Probing the Biological Roots of Drug Addiction

Probing the Biological Roots of Drug Addiction
Researcher on a quest to understand addictive behaviors and design interventions.

In an effort to uncover alternative treatments for pain management beyond opioids, researchers at Vanderbilt University Medical Center are developing drugs and other therapies that treat pain, but have no addictive potential. A breakthrough would go a long way toward addressing the larger drug addiction crisis, says Erin Calipari, Ph.D., assistant professor of pharmacology at Vanderbilt.

Calipari uses preclinical models to better understand addictive behavior. She hopes her studies of the neural characteristics that drive addictive behavior, and her findings on sex differences in drug addiction vulnerability, will inform human studies and lead to long-overdue pharmacologic solutions.

“We have methadone as replacement therapy, but we really don’t have effective pharmocotherapies for treating addictive behavior,” Calipari said. “We don’t yet have a cure.”

Assessing Pharmacologic Solutions

The focus of Calipari’s research on addictive behavior is to answer the fundamental question of what drives people to use drugs. Answering this question, she explains, will not only enable the development of drugs that modify addictive behavior, but also promote an understanding of how to better utilize existing drugs to treat underlying mental health disorders.

“I think the biggest thing is understanding the differences in why people are taking a drug in the first place so that we can intervene in specific ways,” Calipari said. “If it is to minimize anxiety – we can treat the anxiety. If we understand the triggers that drive drug use, we can focus on drugs that inhibit those neurological cues and help avoid relapse.”

“If we understand the triggers that drive drug use, we can focus on drugs that inhibit those neurological cues and help avoid relapse.”

She also acknowledges the benefits of counseling people in how to lead more fulfilling lives. “In an ideal world, environmental enrichment – a deterrent to addictive behaviors – would be doled out instead of drugs,” Calipari said. “What helps the most is that enrichment, simply put, involves fun experiences. These experiences help produce chemicals that bind to the opioid receptors that are activated to seek reward.”

Sex-Specific Differences

Calipari also leads studies to examine why certain populations are more vulnerable to addiction. While traditional addiction research has been based on a male animal models, findings from her research team show that female mice are more biologically vulnerable – they transition much faster from first use to addiction.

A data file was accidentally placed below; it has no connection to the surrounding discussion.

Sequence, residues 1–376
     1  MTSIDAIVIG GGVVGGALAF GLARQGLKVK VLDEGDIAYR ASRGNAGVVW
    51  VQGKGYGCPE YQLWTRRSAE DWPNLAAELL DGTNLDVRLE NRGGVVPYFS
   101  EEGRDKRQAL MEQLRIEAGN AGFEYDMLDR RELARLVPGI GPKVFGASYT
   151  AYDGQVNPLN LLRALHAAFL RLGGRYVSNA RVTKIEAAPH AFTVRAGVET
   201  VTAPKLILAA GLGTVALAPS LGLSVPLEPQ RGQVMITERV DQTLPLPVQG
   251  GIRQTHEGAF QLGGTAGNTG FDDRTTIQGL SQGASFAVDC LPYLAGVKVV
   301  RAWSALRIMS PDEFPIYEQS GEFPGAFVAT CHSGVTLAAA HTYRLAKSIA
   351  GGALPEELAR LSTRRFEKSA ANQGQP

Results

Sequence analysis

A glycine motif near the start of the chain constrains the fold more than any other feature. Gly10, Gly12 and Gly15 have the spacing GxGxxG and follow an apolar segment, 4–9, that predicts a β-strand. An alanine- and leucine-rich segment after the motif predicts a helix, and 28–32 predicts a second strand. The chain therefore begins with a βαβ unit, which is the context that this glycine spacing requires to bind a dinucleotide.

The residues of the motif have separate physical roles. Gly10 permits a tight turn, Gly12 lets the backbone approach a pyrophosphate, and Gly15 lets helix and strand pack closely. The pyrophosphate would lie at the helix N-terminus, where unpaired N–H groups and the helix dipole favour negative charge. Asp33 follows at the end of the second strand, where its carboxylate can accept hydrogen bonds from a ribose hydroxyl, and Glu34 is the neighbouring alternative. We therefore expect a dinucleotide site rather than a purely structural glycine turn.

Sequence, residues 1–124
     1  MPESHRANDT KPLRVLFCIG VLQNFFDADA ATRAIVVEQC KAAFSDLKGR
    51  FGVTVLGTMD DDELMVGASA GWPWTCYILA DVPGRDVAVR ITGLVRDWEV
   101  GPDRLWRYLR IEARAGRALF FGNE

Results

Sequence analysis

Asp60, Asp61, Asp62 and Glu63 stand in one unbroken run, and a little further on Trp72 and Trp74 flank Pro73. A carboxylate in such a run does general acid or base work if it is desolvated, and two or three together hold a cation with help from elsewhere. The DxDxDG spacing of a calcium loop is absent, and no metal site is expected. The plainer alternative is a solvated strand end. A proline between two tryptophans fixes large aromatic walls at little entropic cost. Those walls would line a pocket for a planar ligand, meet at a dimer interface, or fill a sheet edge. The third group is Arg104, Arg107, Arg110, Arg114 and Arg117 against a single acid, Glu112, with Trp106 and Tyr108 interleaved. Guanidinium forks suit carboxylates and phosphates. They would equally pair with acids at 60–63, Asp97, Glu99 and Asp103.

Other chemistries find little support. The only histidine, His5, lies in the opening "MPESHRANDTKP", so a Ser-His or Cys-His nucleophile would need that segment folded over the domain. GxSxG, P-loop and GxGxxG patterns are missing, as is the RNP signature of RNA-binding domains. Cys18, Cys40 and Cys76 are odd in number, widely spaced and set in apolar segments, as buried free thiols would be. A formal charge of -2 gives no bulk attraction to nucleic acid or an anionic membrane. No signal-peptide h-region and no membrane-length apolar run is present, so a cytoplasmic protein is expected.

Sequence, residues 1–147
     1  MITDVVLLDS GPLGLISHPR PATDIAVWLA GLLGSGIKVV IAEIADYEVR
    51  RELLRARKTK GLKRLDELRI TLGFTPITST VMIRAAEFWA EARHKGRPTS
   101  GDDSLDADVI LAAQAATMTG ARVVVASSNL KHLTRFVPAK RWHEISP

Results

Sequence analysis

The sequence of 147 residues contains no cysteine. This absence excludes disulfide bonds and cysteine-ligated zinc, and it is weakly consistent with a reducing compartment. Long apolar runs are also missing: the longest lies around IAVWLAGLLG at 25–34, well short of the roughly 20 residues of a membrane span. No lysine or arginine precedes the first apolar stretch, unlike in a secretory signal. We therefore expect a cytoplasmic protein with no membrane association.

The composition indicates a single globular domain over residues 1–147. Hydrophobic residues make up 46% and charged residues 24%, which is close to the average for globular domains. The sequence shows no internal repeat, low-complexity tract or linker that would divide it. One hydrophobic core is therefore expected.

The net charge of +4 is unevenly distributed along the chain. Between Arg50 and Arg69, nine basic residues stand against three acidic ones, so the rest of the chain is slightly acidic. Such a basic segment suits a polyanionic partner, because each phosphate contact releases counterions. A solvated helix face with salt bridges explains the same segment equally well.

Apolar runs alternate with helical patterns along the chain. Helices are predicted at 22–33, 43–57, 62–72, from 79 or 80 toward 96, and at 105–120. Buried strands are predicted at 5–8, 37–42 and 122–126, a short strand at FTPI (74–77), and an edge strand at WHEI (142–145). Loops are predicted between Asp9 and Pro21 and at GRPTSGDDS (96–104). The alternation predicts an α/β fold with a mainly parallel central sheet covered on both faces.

In one study, Calipari found that when choosing between a reward and avoiding a negative outcome, male mice were more motivated by the reward, while females were more motivated to avoid negative consequences. “These sex-specific differences have implications for why people take drugs in the first place,” Calipari said. “Data from studies involving humans support this, meaning that treatments for men and women warrant different approaches.”

In another study, Calipari showed that when ovarian hormone levels were high, female rats made stronger associations between drugs and certain cues in the environment that can trigger drug-seeking and relapse. Related research has shown that the menstrual cycle affects levels of craving.

Consequences of Social Isolation

The challenge of addressing substance use disorder is now exacerbated by a year-long pandemic. In the twelve months ending in May 2020, over 81,000 drug overdose deaths occurred in the U.S. According to the CDC, this is the highest number of overdose deaths ever recorded in a 12-month period, and the numbers suggest that part of the acceleration was spurred by the pandemic.

“If we take the time now to really examine how characteristics of these equally deadly epidemics meet and converge, we have the chance to solve not just one, but two public health crises.”

“Social isolation, a reduced access to enriching experiences, and the stress of health concerns and school closures have been a perfect storm in increasing drug use and vulnerability to addiction,” Calipari said.

“We will see the aftermath of this for years to come. But if we take the time now to really examine how characteristics of these equally deadly epidemics meet and converge, we have the chance to solve not just one, but two public health crises.”